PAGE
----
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Microlearning as a Tool to Engage Students in Online and Blended Learning PROCEEDINGS

, University of Texas at Arlington, United States ; , , The University of Texas at Arlington, United States

Society for Information Technology & Teacher Education International Conference, in Las Vegas, NV, United States ISBN 978-1-939797-13-1 Publisher: Association for the Advancement of Computing in Education (AACE), Chesapeake, VA

Abstract

This best practices session focuses on exploration of the topic of using microlearning in both online and blended learning environments. The session will provide a definition of microlearning as well as the creation and location of microcontent, drawing on key ideas and principles from Theo Hug (2006; 2010). According to Hug (2010), microlearning overlaps theoretically and in practice with the topic of mobile learning. Microlearning experiences, for instance, can include short bursts of asynchronous learning such as brief readings of digital text(s), a brief video segment followed by a 2-3 question quiz, or a micropodcast. Instructors can use microlearning in flexible and fluid ways within, or in addition to the regular course content. Concrete examples of microlearning from across subject areas will be explored; teaching ideas and handouts will be provided.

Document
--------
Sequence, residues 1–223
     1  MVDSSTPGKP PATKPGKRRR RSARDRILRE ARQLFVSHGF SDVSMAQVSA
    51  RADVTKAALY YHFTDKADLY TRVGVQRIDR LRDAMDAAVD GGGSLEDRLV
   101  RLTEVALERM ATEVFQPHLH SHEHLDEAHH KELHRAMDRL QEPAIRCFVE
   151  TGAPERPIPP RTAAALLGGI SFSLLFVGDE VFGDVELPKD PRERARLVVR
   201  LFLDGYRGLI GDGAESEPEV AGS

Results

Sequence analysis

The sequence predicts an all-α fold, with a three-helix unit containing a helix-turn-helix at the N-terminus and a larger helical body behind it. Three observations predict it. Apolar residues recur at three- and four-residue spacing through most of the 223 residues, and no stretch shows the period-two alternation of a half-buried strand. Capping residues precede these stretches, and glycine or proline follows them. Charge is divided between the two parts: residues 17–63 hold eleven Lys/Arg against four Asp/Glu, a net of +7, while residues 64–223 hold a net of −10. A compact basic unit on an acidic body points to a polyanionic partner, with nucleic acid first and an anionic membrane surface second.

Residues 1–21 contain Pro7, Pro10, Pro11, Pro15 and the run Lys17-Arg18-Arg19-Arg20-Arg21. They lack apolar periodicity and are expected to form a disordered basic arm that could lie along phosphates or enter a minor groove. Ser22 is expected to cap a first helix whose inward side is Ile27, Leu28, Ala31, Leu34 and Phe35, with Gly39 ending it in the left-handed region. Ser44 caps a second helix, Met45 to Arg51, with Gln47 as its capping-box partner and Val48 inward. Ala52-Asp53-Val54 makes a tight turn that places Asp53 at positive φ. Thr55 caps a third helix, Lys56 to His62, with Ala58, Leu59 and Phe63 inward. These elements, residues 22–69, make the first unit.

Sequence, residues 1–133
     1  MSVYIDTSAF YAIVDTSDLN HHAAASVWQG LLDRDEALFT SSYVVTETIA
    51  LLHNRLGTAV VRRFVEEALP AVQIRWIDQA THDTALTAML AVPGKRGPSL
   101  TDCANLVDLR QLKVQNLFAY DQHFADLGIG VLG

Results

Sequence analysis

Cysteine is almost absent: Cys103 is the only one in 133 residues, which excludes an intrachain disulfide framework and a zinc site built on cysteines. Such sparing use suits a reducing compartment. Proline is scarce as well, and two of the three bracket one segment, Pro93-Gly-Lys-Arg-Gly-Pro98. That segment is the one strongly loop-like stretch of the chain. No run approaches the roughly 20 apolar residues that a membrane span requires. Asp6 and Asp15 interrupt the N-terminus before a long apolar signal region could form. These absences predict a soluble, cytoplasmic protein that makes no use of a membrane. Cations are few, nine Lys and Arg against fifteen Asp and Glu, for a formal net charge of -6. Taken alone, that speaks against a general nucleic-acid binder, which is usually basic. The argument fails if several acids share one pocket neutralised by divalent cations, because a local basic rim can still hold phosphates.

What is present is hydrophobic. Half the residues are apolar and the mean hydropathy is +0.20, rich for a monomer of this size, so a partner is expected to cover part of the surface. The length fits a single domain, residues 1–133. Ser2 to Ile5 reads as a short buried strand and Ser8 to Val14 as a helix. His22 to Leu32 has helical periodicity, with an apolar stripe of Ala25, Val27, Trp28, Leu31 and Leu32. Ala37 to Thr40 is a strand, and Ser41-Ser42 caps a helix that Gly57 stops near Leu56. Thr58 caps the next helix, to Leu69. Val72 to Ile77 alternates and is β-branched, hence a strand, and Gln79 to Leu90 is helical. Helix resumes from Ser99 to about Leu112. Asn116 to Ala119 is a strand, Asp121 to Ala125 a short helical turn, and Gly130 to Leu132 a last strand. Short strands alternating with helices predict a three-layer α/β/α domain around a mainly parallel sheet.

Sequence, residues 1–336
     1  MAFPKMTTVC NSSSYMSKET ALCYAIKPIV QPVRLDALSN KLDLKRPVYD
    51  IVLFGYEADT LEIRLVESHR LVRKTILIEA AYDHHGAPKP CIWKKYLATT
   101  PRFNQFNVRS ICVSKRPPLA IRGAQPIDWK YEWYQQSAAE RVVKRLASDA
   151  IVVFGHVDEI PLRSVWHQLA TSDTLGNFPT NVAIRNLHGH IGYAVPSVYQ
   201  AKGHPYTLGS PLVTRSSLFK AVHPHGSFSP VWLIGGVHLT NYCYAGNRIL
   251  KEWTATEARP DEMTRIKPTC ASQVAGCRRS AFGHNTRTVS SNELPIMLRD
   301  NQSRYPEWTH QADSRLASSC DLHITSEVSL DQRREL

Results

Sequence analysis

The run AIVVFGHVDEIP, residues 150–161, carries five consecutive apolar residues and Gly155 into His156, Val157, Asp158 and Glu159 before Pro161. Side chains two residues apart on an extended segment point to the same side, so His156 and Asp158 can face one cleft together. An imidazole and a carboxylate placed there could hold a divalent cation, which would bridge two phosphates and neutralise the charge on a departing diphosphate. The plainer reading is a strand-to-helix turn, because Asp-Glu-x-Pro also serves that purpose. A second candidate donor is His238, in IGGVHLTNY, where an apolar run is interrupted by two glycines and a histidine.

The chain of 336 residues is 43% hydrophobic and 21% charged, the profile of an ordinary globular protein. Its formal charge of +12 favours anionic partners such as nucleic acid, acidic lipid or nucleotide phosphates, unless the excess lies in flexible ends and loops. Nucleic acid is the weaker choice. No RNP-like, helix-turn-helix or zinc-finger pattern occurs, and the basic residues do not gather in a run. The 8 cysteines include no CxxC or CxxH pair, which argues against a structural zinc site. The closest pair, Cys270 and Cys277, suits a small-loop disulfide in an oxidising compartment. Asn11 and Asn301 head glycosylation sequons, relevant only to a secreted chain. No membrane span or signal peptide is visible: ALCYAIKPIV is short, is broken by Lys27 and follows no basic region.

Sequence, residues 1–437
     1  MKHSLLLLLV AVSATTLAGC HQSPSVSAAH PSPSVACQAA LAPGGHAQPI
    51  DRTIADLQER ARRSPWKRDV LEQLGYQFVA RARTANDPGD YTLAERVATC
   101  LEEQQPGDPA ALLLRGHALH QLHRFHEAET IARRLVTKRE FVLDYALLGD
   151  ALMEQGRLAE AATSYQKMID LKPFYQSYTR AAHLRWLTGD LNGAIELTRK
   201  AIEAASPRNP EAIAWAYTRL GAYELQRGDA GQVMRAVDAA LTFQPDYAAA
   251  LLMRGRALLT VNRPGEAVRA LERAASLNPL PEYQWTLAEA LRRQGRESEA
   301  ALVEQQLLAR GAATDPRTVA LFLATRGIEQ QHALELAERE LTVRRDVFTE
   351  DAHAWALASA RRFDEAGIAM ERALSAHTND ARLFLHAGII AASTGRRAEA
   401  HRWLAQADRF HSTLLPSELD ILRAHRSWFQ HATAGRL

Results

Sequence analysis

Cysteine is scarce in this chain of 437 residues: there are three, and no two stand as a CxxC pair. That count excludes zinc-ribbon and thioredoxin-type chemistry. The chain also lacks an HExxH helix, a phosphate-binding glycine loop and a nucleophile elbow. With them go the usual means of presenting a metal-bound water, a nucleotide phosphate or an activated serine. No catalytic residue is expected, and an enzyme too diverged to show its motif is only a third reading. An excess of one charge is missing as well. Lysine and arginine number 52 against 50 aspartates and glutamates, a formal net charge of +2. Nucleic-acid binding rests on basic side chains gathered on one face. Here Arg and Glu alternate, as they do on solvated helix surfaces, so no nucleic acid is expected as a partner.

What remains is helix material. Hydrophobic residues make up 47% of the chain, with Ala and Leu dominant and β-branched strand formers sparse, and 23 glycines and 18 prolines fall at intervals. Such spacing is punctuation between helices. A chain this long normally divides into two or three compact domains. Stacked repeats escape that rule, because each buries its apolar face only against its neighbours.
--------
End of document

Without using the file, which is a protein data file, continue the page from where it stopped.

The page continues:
Citation

Semingson, P., Crosslin, M. & Dellinger, J. (2015). Microlearning as a Tool to Engage Students in Online and Blended Learning. In D. Rutledge & D. Slykhuis (Eds.), Proceedings of SITE 2015--Society for Information Technology & Teacher Education International Conference (pp. 474-479). Las Vegas, NV, United States: Association for the Advancement of Computing in Education (AACE). Retrieved October 21, 2018 from .

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Cited By

  1. Distributed Learning: A Flexible Learning and Development Model

    Stephen Victor & Shannon Hart, Obsidian Learning, United States

    E-Learn: World Conference on E-Learning in Corporate, Government, Healthcare, and Higher Education 2016 (Nov 14, 2016) pp. 281–290

These links are based on references which have been extracted automatically and may have some errors. If you see a mistake, please contact info@learntechlib.org.